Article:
New phones “cause more accidents”

Contrary to what what you might think, it isn't safer to talk and drive if you use the new hands-free mobile phones. In fact, it is more dangerous, reported Svenska Dagbladet on Thursday.

The Ministry of Transport’s Research Institute has carried out tests to establish what happens when people “talk and drive”. By carrying out a mobile phone risk assessment they have found that it is the conversation itself – and the “complexity” of it – that affects the way people drive.

Drivers who talk while driving suffer tunnel vision, can’t drive in a straight line and take longer to hit the brakes, according to the results from experiments in a simulator.

Researchers applied “virtual city traffic” as well as countryside roads and during the conversation the drivers were subjected to different obstacles. Those who used handheld phones said they were strongly aware of not being in control of the vehicle and tended to slow down to compensate.

Those using the hands-free phones in the tests drove equally as badly. But the critical difference was that they believed they were in control. It is this false sense of security that researchers believed to be so dangerous.

Despite the results researchers did not call for the use of mobile phones while driving to be banned, as it was in the United Kingdom last year. But Anne Bolling, who led the project, told SvD that the problem would only get worse.

“It’s dangerous when you consider what kinds of phones are coming now, with moving pictures,” she said. “That’s the next thing we’re going to have to look at, because people are going to want to look at the person they’re talking to.”


OPINION: ID-checks between Sweden and Denmark should not be brought back

Sweden's government on Tuesday announced plans to bring back ID checks on Sweden's borders. Niels Paarup-Petersen, a Malmö MP, has launched a campaign to stop them.

OPINION: ID-checks between Sweden and Denmark should not be brought back

Bringing in ID-checks is illegal, ineffective, and devastating for the labour market in the Öresund region. That the government, despite all this, is pushing ahead with them anyway is almost impossible to understand.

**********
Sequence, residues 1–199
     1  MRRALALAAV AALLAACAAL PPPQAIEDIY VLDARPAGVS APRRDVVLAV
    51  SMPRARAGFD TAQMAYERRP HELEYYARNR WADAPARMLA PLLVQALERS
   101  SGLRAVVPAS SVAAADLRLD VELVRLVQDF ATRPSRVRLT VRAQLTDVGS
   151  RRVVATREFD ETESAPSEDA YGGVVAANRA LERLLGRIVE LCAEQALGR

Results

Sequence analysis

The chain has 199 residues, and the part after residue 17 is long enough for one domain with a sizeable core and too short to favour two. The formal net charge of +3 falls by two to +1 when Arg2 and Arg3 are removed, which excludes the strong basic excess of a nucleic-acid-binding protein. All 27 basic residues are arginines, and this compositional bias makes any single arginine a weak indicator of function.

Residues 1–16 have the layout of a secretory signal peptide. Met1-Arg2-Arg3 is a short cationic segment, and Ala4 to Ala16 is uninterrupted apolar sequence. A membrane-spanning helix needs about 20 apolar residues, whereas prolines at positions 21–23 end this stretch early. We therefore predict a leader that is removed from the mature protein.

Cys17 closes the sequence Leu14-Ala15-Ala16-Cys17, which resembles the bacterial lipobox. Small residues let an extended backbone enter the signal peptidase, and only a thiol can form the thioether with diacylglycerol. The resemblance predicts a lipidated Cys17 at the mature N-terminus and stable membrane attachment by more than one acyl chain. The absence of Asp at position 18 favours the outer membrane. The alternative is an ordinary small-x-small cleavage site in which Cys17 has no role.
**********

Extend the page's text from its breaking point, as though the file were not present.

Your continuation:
Once again, the government’s first response to a crisis is to bring back the ID-checks that tear our region in two.

Once again, they’re doing this without giving either the regional government or those operating the transport services a chance to give their input.

Once again, the idea is that Skåne and the Öresund Region should pay the price for solving Sweden’s challenges.

Once again, commuters will have to wait for half an hour at Kastrup. Once again the transport system in Skåne will be wrecked. 

READ ALSO: Sweden to bring back border controls to control Ukraine arrivals

It’s bloody awful, to be frank.

The European Court of Justice has ruled that it is illegal to put the responsibility on transport operators across a Schengen border. The Office of the Chancellor of Justice has come to the same conclusions.

Ukrainians have the right to enter the country, which means that they will not be stopped by the ID controls. If you want to have a better understanding of who is crossing the border, there are still ‘temporary’ border controls in place after six years.

Making the transport operator responsible for ID controls work when applied to ferries and flights, where there is only one place where you can get on or off. When you have continuous traffic, such as with trains or cars, it has a devastating effect on the traffic and on all of the people using them.  

ID checks are completely illegal, unnecessary, and irrational.

Region Skåne, the municipalities in Skåne, and all of my colleagues from Skåne in the national parliament must now all put their feet down. 

ID checks on the Öresund Bridge should not be brought back! 

Niels Paarup-Petersen is an MP representing Malmö for the Centre Party. He was born and grew up in Denmark and has worked for the Öresund Bridge Consortium.